Editor's note: A version of this column appeared originally in THE DAILY BEAST.
In the last 100 years, every U.S. president who lost his bid for a second term did so because he abandoned his principal promise to the American people. If Republicans can persuade the public that Barack Obama similarly shattered the pledge at the very core of his presidency, they will succeed in denying him the new lease on the White House he insists he deserves.
Four elected chief executives in this century failed in their reelection campaigns—and each of them flopped by landslide margins. For William Howard Taft in 1912, Herbert Hoover in 1932, Jimmy Carter in 1980, and George H.W. Bush in 1992, broken promises doomed their chances for another four-year term.
Taft, Theodore Roosevelt’s hand-picked successor, based his first presidential campaign on guarantees that he would continue the popular policies of his ebullient predecessor, but voters in 1912 knew they’d been betrayed because TR himself came out of retirement to tell them so! Roosevelt not only challenged Taft for re-nomination but ultimately conducted his third-party “Bull Moose” campaign, handing victory to Democrat Woodrow Wilson and pushing the incumbent to a paltry 23 percent of the popular vote.
In 1928, Commerce Secretary Herbert Hoover ran as the prosperity candidate, deploying the sonorous slogan, “A Chicken in Every Pot, a Car in Every Garage.” The Great Depression smashed his optimistic assurances and helped FDR carry 42 of 48 states.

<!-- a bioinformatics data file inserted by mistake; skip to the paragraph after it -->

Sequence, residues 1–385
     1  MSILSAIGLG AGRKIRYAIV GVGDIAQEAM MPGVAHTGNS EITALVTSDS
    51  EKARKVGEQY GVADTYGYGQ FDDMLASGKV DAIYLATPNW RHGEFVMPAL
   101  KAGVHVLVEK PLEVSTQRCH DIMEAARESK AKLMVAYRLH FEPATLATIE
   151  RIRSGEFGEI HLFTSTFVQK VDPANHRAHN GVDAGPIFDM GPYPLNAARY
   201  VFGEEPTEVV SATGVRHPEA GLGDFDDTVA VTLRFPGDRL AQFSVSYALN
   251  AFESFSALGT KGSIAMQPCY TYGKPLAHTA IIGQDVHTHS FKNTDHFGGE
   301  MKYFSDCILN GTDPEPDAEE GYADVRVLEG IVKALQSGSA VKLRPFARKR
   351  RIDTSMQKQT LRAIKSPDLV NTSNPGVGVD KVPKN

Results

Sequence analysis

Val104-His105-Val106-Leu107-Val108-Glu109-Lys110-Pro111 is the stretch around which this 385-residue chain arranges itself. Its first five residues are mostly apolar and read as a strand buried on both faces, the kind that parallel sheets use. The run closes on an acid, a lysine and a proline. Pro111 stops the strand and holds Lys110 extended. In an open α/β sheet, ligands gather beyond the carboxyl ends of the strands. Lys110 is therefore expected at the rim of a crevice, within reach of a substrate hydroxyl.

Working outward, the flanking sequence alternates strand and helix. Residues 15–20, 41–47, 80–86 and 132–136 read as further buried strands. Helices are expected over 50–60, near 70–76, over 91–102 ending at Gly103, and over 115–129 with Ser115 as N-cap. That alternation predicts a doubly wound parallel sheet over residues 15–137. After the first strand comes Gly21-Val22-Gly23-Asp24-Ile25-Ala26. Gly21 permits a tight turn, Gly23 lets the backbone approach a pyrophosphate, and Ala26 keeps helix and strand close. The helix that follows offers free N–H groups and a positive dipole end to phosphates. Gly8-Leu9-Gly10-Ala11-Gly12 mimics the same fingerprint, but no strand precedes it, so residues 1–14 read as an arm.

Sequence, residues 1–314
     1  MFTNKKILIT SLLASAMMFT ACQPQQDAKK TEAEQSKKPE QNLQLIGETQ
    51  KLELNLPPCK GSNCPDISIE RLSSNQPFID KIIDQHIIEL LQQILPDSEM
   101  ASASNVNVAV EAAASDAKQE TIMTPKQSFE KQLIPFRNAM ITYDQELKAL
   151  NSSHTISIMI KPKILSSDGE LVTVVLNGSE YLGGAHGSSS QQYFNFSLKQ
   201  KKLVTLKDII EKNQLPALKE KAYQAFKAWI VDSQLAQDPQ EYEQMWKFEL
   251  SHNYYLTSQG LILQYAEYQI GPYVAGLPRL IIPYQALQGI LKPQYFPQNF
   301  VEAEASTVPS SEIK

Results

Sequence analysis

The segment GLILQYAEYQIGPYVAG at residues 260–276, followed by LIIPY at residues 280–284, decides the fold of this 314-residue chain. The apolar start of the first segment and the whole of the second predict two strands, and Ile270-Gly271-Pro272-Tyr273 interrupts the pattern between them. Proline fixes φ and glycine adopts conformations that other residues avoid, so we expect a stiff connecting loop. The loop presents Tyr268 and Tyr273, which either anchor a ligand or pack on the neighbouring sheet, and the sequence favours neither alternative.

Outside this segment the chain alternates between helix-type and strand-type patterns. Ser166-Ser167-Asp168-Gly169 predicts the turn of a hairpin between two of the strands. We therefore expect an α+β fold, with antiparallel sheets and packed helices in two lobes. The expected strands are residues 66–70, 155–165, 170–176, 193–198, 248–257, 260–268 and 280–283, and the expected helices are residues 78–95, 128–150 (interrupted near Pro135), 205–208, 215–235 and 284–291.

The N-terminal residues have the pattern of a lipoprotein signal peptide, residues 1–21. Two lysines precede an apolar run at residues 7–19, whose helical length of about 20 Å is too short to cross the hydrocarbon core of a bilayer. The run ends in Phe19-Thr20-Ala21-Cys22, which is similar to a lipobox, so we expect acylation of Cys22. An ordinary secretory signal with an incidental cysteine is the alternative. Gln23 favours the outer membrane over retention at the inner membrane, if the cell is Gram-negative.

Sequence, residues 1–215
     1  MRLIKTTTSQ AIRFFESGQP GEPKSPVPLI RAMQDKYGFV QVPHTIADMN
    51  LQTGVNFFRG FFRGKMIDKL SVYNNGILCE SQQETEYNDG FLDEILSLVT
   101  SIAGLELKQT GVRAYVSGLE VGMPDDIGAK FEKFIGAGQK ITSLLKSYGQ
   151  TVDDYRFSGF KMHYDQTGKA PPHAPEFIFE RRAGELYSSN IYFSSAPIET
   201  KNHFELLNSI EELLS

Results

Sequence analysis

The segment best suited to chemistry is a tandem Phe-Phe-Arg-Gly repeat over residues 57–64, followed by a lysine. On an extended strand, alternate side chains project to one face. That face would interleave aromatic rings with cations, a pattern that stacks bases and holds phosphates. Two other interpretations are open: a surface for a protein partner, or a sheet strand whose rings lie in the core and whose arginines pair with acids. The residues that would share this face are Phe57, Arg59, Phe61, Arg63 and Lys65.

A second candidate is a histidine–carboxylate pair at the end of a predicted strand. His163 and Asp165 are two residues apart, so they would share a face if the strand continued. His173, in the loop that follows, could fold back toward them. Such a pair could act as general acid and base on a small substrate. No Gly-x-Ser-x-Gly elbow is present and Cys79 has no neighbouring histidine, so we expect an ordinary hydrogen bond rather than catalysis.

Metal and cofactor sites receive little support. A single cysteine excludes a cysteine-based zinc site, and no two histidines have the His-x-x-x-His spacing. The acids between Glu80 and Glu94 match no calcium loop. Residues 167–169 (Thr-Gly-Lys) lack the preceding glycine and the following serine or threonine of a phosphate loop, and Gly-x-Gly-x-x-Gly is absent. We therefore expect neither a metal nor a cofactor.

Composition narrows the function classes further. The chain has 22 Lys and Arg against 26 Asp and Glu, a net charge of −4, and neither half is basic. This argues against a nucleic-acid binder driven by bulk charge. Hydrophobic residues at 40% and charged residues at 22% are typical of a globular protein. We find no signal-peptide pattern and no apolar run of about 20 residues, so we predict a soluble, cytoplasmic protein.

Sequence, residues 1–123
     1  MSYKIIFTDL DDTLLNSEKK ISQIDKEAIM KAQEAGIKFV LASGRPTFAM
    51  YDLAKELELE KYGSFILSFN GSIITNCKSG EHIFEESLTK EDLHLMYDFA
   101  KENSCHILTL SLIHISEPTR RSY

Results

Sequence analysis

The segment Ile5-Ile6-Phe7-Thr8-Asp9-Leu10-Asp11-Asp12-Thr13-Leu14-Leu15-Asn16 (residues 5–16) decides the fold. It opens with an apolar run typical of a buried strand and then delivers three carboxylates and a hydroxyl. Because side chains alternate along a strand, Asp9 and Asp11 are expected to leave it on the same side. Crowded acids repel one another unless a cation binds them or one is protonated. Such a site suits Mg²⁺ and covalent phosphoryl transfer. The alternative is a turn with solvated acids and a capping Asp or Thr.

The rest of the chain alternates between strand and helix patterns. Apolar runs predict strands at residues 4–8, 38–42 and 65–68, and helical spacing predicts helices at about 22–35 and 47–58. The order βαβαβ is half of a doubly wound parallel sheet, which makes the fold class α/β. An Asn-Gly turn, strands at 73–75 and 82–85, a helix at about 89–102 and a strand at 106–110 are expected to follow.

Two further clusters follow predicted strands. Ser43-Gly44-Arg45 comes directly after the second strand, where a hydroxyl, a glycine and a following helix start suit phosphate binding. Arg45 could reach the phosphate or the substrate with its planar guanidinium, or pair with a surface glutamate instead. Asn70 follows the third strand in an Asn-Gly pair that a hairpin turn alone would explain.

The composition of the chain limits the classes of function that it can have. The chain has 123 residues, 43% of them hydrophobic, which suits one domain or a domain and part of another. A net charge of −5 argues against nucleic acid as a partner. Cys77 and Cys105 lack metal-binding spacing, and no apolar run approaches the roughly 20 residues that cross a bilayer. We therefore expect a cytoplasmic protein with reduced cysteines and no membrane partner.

After the sleaze and polarization of the Nixon administration, a nation weary of Watergate turned to a youthful, deeply religious Georgia governor who titled his campaign autobiography “Why Not the Best?” As a former officer on nuclear submarines, Jimmy Carter ran as a sure-handed technocrat who offered the explicit promise of “a government as good as its people.” After three years of economic meltdown, a seemingly endless hostage crisis, and self-defeating talk of malaise, that cheerful vow sounded laughably quaint, and Carter fell by 8.4 million votes to Ronald Reagan.
Finally, in 1988 Vice President George H.W. Bush escaped the nagging “wimp” factor and electrified the GOP convention with an unequivocal declaration meant to evoke the steely resolve of Clint Eastwood. “Read my lips,” he snarled. “No new taxes!” Violating that well-publicized oath with a sharp increase in marginal tax rates literally wrecked his presidency: producing a primary challenge from Pat Buchanan, a formidable third-party candidacy by Ross Perot, and a lopsided November win for the young governor of Arkansas, Bill Clinton.